Wealdstone were the visitors, almost doubling the average attendance at Bayliss Avenue and boosting the takings over the bar. You cannot fault their loyalty to following the Stones away from home, with well over a hundred fans making their first visit to Thamesmead to see whether they could make up ground on the top two, Dulwich Hamlet and Maidstone United.
With so many teams having played different numbers of games, it is hard to really see what the true league positions should be. Lewes had dropped down the table from 7th in late November to 12th before this game, both as a result of a serious lack of games, but also due to drawing six of the eight games in that period. So what would the real league table look like if we had been able to play all of the scheduled games? Well thanks to my complex financial modelling I can now exclusively reveal what the true Ryman League table would look like.
So the visitors would be sitting pretty at the top if all things were equal. But we know that football isn’t that predictable, otherwise my weekly accumulator would see me dine on Filet Steak and drinking Adnam’s Ghost Ship every week.Thamesmead Town 0 Wealdstone 2 – Bayliss Avenue – Saturday 15th February 2014
Prior to kick off, Thamesmead manager Keith Mahon was recognised for the performance of the month for January with regard to Mead’s fantastic 4-1 victory over league leaders Maidstone United. Any hopes of a repeat performance over another Stones team dissolved within 90 seconds of kick off in the bright sunshine when James Hammond overlapped down the right hand side, whipped his cross in and Michael Malcolm swept the ball into the net. The romance was dead.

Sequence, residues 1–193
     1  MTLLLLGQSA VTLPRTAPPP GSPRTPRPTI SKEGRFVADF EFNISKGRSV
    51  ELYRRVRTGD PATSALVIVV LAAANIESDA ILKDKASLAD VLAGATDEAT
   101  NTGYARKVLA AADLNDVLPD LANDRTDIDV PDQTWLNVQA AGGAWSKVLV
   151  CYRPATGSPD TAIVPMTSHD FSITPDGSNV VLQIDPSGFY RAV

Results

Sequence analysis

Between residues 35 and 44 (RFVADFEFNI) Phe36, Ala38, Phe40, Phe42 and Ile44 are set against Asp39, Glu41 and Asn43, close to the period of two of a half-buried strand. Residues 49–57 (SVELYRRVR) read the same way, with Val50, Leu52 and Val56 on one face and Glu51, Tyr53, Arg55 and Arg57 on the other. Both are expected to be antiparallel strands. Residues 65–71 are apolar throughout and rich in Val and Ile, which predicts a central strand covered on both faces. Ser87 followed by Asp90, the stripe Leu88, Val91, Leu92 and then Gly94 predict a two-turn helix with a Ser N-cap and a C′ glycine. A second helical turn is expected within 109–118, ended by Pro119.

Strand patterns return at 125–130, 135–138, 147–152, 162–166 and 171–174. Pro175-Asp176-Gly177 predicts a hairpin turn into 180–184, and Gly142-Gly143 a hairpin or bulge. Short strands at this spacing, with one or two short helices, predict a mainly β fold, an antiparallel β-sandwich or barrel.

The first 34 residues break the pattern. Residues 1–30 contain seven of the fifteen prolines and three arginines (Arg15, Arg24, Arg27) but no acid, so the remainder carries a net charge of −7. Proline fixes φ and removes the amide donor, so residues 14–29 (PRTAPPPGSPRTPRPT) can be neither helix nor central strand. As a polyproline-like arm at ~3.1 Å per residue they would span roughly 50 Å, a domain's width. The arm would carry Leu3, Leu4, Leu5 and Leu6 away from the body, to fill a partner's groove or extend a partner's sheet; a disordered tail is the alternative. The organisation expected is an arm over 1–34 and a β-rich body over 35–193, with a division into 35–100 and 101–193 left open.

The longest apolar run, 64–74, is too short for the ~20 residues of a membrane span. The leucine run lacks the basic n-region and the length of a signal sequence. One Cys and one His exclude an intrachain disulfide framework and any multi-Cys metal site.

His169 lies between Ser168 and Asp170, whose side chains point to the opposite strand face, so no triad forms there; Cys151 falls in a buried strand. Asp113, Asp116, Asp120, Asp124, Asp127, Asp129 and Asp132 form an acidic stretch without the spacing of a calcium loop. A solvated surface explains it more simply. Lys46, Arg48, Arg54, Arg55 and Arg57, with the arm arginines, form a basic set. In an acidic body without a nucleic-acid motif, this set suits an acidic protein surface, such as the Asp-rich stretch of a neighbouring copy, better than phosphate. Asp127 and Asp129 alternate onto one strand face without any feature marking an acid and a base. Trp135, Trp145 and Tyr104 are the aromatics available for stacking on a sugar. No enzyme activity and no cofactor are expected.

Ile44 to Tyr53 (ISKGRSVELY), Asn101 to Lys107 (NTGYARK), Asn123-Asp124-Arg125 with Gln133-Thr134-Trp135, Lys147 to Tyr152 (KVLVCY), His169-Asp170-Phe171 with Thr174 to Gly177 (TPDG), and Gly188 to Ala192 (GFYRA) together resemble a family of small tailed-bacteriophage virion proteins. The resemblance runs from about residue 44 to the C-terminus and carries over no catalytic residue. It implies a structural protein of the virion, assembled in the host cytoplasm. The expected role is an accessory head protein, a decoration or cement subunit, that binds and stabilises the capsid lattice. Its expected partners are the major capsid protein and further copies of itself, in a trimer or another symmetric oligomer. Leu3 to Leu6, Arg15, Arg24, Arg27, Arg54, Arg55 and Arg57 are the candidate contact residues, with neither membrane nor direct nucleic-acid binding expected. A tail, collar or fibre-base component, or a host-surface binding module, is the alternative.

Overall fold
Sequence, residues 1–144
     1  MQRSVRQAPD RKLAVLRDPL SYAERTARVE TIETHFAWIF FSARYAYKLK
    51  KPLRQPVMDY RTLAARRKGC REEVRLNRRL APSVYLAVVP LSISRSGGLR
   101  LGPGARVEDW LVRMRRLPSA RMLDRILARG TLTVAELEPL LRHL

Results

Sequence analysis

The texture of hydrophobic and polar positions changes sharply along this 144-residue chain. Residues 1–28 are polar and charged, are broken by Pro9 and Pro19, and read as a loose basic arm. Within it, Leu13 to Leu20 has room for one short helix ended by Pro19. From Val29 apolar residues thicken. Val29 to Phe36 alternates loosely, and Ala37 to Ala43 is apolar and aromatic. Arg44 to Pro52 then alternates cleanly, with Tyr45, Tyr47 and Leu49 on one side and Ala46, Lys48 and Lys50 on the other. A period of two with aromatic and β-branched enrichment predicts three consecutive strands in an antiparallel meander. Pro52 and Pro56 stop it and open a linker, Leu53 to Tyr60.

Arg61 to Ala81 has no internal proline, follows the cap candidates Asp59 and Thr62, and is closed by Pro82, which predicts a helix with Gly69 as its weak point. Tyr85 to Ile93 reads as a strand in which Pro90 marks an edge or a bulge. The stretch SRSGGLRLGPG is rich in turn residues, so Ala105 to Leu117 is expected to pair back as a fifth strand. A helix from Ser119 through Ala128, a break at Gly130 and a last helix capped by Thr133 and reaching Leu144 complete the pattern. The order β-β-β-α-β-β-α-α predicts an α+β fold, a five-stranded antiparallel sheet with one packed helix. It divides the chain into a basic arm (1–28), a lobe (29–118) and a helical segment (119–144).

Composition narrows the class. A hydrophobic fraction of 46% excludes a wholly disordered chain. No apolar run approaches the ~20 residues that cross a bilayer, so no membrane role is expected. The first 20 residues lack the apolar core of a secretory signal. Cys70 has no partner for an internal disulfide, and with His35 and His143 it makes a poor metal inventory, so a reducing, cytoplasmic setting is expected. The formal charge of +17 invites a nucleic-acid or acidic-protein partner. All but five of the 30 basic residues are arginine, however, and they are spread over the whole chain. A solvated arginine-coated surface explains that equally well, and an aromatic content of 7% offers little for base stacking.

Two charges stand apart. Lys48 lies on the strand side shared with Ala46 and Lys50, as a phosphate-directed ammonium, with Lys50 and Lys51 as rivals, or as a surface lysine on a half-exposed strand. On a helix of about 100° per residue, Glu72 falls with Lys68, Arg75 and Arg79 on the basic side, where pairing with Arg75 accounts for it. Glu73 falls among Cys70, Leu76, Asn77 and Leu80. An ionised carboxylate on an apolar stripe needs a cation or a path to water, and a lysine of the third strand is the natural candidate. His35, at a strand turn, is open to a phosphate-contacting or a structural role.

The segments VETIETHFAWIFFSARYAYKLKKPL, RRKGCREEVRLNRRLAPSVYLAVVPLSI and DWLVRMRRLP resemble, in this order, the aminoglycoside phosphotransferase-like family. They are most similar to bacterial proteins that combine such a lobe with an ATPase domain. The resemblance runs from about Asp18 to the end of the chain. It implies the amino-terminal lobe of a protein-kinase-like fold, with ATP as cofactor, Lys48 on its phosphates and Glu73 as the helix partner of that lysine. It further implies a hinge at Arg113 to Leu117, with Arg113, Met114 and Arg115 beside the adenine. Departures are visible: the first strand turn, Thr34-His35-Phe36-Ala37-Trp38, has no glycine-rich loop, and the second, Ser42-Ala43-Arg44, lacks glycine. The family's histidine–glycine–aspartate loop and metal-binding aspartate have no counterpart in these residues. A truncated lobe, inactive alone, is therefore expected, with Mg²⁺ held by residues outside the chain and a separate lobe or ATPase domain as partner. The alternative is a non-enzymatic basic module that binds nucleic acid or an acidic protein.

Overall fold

In truth this was a walk in the sunshine for Wealdstone who were rarely troubled. Thamesmead got stronger as the game progressed, playing the ball around midfield well although without any threat up front, the Wealdstone centre-backs had an easy afternoon. At half-time Bartlett saw a weakness in the Thamesmead backline (he must have been reading my notes) and changed the 4-3-2-1 to a more traditional 4-4-2 with Malcolm pushed in from a wide position to play alongside McGleish up front. Sorry, tactical analysis over.
Fifteen minutes into the second period Wealdstone were awarded a penalty. No real complaints on the decision, although the referee had let worse challenges go at the other end of the pitch and so you could understand the frustration of the Thamesmead bench. Cronin stepped up and smashed the ball home to double the lead.
Full-time saw the Stones fans celebrate a decent win. Their afternoon was made all the more sweeter by defeats for Kingstonian, Dulwich Hamlet and Maidstone United. It’s still not clear what the situation with Maidstone United is in terms of whether they will be allowed to even take part in the Play-offs but with wins for AFC Hornchurch and the form of Bognor Regis Town with seven wins out of their last eight games it may not yet be a done-deal. Perhaps romance isn’t quite dead, although it may take the creative brain of Shelley, Byron or Audley to find a story that sees Thamesmead avoiding the drop at the end of the season.